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Author's profile photo AMIT AGRAWAL

From Bangladesh to Bitcoin – Five Implications for Retailers

  • 1129 workers die in a clothing factory collapse in Bangladesh
  • A 25 year old student uses a 3d home printer to create and successfully fire a gun
  • Staples starts selling 3d printers
  • US government debates a proposal to tax all internet sales
  • Tesla Model S gets near-perfect score from Consumer Reports
  • A whistleblower leaks existence of a US government electronic surveillance program
  • Value of a bitcoin jumps 10 fold from Jan-Apr 2013

You have likely seen most of these recent headlines. While seemingly unrelated on the surface, I think there are some common themes here that retailers should pay attention to. The five observations below are not new, but they are worth rehashing as the implications of forgetting could be consequential.

  1. Regulations Will Save You (NOT) – Ethical and moral compass as well as business sense need to guide decision making. It took US government two decades to seriously consider legislation to level the playing field for online commerce. US lawmakers cannot agree upon what checks, if any, are required before someone can purchase a firearm – but technology has moved on where people can “print” their guns at home. It took a couple of tragedies for Bangladeshi government to consider laws safeguarding worker safety and rights. Retailers who were sucked into Bangladesh in their quest for speed and cheap labor turned a blind eye to the risk and are now rushing to protect their image by committing to safety audits and improvements. Done proactively, countless lives and brand reputations could have been saved.
  2. A Disruption around every corner – Disruptive innovations – such as Tesla Model S – are often discounted as niche or fad by incumbents but suddenly they surprise everyone by not just being good enough but by being better and going main stream. Is bitcoin the next ‘tulip mania’ or will your customers be soon asking if you will accept bitcoins as payment? Would you be comfortable accepting it – as some businesses already are – without any legal or financial authorities backing the financial instrument? Will democratization of manufacturing via 3d-printing remain a niche market or are parts of your business at risk?
  3. Can You Find the Opportunity?– Charging stations for electric cars may just be the way to get that consumer to spend a couple of hours in your store. Sometime in the not so distant future, is there an opportunity for your business model to evolve so that you are shipping your products as bits instead of as atoms? Could you be selling design and prototypes for 3-d printing instead of finished goods? For example, could you be selling infinitely customizable “digital” Barbies which consumers can “print” at their home, without incurring the costs of stocking all the customizations? Wouldn’t it be great if you do not have to stock replacement parts for older products and just let customers “print” them as and when they need it?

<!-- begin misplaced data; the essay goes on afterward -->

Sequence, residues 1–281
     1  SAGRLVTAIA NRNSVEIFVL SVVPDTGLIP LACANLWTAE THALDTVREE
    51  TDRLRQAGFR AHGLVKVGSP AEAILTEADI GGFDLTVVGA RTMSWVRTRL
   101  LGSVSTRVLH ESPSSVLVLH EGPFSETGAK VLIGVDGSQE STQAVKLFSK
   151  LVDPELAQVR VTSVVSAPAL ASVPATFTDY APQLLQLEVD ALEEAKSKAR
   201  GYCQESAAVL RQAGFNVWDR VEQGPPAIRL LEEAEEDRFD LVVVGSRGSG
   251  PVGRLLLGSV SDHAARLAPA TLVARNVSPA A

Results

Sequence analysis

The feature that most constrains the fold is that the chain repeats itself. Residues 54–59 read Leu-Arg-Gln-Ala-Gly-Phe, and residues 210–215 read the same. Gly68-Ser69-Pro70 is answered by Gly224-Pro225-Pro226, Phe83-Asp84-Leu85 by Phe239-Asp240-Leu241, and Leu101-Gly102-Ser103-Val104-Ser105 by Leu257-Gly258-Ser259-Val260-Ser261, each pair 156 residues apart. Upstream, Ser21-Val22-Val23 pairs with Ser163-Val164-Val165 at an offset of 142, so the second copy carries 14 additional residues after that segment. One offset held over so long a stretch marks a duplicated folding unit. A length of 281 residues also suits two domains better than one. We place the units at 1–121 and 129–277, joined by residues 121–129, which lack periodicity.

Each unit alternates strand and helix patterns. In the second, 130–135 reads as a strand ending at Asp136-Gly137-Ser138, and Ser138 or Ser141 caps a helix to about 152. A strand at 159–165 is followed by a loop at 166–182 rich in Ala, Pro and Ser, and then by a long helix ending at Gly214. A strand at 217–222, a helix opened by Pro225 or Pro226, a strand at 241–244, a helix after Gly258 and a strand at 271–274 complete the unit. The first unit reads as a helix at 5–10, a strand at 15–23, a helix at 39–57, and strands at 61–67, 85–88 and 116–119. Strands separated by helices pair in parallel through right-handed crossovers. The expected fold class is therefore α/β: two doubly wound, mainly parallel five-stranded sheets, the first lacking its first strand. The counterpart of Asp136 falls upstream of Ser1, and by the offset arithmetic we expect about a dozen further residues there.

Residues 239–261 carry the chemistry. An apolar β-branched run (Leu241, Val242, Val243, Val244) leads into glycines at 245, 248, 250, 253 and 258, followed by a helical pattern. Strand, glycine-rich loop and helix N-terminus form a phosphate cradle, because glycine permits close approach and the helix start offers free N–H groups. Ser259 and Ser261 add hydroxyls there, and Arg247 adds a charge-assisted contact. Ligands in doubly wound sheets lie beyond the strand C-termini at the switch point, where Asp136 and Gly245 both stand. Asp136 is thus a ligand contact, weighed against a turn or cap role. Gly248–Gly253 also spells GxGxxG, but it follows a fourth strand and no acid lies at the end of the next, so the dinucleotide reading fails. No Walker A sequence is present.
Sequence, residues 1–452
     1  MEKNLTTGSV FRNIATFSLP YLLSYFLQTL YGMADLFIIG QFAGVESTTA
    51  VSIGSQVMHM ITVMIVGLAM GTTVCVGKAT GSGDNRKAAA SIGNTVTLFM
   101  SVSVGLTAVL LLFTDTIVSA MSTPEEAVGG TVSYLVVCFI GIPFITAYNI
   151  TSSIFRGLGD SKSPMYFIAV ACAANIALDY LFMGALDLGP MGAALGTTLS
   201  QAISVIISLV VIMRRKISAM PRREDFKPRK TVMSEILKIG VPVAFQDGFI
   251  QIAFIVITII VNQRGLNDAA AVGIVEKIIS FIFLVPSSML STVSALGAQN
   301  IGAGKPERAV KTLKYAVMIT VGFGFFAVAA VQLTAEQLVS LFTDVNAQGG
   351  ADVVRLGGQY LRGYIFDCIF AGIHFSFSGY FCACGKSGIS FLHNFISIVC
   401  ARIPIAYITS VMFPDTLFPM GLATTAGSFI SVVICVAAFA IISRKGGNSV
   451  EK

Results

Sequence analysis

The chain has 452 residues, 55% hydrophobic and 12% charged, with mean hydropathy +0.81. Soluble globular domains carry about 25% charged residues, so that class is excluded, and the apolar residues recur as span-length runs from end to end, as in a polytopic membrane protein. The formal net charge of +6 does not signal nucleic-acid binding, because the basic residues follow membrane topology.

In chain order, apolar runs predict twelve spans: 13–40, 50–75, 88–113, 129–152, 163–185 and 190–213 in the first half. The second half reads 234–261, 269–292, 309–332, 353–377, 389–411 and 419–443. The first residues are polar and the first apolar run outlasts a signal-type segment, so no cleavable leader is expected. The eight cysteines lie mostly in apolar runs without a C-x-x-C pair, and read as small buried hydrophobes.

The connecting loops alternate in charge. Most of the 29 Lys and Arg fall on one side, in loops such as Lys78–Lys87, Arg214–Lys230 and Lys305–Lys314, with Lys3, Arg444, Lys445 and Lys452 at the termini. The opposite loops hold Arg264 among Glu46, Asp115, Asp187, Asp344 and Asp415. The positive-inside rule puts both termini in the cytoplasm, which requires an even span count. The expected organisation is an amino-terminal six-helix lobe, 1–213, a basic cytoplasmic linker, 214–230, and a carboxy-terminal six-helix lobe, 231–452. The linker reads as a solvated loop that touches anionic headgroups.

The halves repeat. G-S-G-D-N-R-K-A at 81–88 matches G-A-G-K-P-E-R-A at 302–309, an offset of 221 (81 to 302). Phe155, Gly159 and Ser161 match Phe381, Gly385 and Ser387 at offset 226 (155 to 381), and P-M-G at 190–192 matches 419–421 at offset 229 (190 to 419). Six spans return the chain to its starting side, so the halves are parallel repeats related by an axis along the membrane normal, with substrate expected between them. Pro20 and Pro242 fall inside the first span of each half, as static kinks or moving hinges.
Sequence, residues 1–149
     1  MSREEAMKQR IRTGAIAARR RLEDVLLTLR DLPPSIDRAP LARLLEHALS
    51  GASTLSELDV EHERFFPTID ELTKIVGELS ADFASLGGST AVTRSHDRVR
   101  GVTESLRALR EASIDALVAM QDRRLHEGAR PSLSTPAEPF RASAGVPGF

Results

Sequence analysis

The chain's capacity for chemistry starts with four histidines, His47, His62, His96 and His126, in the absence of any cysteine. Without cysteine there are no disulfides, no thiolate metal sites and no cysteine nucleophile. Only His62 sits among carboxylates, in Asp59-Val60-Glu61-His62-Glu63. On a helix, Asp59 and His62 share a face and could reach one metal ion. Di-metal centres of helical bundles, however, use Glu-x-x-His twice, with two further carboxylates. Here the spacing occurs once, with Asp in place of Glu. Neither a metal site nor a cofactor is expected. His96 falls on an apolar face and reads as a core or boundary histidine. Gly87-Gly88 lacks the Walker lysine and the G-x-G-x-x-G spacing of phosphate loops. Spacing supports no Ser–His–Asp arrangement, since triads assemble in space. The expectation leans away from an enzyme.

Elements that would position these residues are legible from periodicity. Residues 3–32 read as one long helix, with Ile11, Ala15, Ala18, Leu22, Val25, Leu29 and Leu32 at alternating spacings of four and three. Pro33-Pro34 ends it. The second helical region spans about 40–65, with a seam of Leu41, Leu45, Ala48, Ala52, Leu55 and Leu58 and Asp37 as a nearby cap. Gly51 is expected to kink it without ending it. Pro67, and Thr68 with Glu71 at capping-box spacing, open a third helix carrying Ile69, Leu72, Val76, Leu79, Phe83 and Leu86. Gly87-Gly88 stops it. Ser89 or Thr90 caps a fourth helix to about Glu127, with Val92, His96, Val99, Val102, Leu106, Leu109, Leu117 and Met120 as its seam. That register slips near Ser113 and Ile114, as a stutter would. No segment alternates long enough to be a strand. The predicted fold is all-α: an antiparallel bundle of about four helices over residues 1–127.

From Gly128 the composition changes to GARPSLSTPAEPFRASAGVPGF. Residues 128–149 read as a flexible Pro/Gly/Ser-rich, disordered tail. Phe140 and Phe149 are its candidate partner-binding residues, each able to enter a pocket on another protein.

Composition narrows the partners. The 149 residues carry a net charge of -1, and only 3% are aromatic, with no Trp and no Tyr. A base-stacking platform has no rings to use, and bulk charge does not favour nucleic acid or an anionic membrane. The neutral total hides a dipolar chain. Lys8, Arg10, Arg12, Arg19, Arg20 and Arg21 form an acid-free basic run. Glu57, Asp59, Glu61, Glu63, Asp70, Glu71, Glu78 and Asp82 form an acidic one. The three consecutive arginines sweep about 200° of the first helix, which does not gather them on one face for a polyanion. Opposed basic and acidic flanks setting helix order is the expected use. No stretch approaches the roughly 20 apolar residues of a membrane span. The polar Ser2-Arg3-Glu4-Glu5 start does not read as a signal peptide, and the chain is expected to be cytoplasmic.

4. Pace of technology innovation is accelerating – Given today’s pace of innovation it seems amazing to me that 20 years after the launch of Amazon, eCommerce is not much larger than what it is today. That it took this long to get on the top of business and legislative agendas. But don’t count on next wave of technology disruption to take decades. I am certain retailers do not have 20 years to figure out what do they want to do with mobile or social or with data that is deluging their operations. If not dealt with utmost priority and urgency, these and many other forces will overwhelm and threaten your business.
  5. Privacy is a thing of the past – What surprised me about the “leak” of NSA surveillance program was not that “Big Brother” was doing “Big Data” but that there was so little real uproar once people found out about it. Sure there are news reports, talk shows, newspaper stories expressing shock – but to me it seemed that most common folks tended to accept it as sign of the times. Consumer expectation of privacy of information is decreasing and they are increasingly willing to trade information and privacy for a benefit. Retailers with capabilities to analyze and benefit from this data deluge will have a huge advantage.

The accelerating pace of change, fueled by technology, is impacting retail at unprecedented speed and in unanticipated ways. To keep up and to take advantage of arising opportunities, retailers need to increase their own pace of technology investments. Historically retail has lagged other industries in technology investments, let alone consider cutting-edge software. While that is starting to change, the current pace is not likely to be enough. The next Amazon will not take 20 years before it will eat your lunch!

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      Author's profile photo Mohamed Amer
      Mohamed Amer

      Really enjoyed how you brought the different threads together into business and retail context.  Thanks!